I’ve mentioned before that you can sign-up for both a personal card and a business card when issuers offer both. There are several reasons that you should take advantage of a business card, but first and foremost is that a business card is a separate card that comes with its own credit limit and, more importantly, its own sign-up bonus. You can often get twice the points by opening both a personal and a business card.
Here’s everything you need to know:
Having a Business
- You might already have a fully operational business. If so, good for you, you’re on your way.
- If you don’t have a business, good news! You might have one without realizing it! Do you sell on eBay? If you do, you can have an eBay sales business. If you don’t, toss something up on eBay and you’ve got a business going.
Applying for a Business Card with Your Business
Type of Business
- Typically when you fill out the business credit card application you will apply as a sole proprietorship and provide your Social Security Number instead of a Federal Tax ID.
- Some of the credit card companies may ask for a DBA, or “doing business as” form that you can get for $10 at your county court house.
- Usually, the applications won’t ask for any sort of tax filings or business tax filings or incorporations or anything like that. If, however, the credit card company asks you to provide incorporation documents, tax filings, company bank statements or company utility bills, then it’s up to you to make the decision to incorporate and continue with these cards or not. If you want to go down the incorporation route, you can register a company through The Company Corporation.
Always Tell the Truth
- When you fill out the application you MUST tell the truth. Don’t lie. Ever. If it’s a brand new business and there aren’t any sales, you must state that the business has no revenue if asked.
Your Business Name
- If you’ve got a pre-established business, the name you put down on the card application will obviously be the name of the business. This is also the case if you register your business.
- If, however, you haven’t filed anything and you’re applying as a sole proprietor, the name of your business should be your name. That’s it. You don’t need to add “Limited” or “Company” or “Inc.” or anything else. It should just be your name.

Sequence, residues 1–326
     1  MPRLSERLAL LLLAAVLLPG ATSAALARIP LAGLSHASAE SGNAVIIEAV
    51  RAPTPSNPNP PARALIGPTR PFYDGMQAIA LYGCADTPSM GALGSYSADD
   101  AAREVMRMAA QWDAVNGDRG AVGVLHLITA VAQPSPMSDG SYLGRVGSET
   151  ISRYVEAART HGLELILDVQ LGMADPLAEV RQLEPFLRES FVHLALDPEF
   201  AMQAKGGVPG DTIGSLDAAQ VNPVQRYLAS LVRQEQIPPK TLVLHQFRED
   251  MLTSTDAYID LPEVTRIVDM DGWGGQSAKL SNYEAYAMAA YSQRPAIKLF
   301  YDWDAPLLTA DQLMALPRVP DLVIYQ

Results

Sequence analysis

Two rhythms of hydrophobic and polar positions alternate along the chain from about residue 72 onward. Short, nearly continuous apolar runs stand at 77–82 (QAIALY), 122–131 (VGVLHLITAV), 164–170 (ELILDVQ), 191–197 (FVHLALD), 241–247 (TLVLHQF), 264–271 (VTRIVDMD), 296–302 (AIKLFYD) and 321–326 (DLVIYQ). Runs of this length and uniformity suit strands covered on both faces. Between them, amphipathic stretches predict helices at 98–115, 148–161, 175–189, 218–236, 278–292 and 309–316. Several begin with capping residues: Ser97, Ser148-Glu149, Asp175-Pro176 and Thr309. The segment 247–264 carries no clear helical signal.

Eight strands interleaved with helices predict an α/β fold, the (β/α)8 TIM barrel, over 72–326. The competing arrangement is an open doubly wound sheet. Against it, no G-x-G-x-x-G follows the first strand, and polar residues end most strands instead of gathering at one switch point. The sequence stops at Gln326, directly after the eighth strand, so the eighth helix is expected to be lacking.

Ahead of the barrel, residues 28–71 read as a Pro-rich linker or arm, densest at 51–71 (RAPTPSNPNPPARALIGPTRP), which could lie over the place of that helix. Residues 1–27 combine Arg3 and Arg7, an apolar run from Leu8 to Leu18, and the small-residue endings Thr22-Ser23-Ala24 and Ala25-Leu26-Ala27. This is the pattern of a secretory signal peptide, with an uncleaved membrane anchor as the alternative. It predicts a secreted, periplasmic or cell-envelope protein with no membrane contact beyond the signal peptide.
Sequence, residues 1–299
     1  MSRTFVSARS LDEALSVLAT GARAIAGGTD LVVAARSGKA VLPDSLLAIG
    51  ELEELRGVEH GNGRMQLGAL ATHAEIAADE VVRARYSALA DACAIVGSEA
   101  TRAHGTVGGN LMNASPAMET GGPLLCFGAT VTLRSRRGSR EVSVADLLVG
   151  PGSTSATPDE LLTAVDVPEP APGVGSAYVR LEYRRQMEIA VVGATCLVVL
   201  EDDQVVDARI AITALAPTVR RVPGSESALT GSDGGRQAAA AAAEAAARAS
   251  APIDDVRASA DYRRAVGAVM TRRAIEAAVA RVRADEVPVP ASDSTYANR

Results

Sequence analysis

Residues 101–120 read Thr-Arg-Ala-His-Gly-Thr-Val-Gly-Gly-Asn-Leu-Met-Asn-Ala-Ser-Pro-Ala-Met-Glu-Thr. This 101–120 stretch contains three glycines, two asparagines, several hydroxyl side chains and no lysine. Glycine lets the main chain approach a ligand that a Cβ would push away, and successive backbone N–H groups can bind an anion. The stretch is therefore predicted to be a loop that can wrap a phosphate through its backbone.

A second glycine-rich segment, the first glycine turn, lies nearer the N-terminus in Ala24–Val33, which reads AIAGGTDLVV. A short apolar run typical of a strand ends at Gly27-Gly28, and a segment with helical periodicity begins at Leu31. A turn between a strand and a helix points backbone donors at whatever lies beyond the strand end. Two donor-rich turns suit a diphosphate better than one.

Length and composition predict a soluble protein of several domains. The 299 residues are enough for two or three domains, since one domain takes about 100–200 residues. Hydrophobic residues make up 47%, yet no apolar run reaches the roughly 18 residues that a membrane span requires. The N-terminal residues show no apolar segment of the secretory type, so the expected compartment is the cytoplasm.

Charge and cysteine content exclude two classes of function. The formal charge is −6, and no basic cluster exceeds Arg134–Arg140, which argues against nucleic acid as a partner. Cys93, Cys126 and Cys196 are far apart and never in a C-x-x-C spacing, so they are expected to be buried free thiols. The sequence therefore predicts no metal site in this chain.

- If you’re filling out the application as a sole proprietor, your position should be owner.
- If the application asks for business income, tell the truth. If the company makes no money, put down $0. If it asks for gross family income, put down your annual household income.
- Even though this isn’t a personal card, when applying for a business card you’re personal credit report will be checked.
- However, balances carried on a business card typically won’t show on your personal credit report. I don’t usually recommend carrying a balance, but if that’s something you do, this may be a perk.
Applying for Both
- You can apply for both a personal card and its business equivalent at the same time. They will probably deny one of them but you can then just call them back and tell them, “Hey, I have a business and I also have personal needs. I want to be able to separate my spending between business and personal.” They will usually say, “Oh, thank you” and approve them. One of the things that people are so afraid of is getting a denial—the only thing that hurts your credit is the inquiry, which will ding it by two to five points. And that’s one of the great things about applying for both cards together: some companies will only do one inquiry for both applications.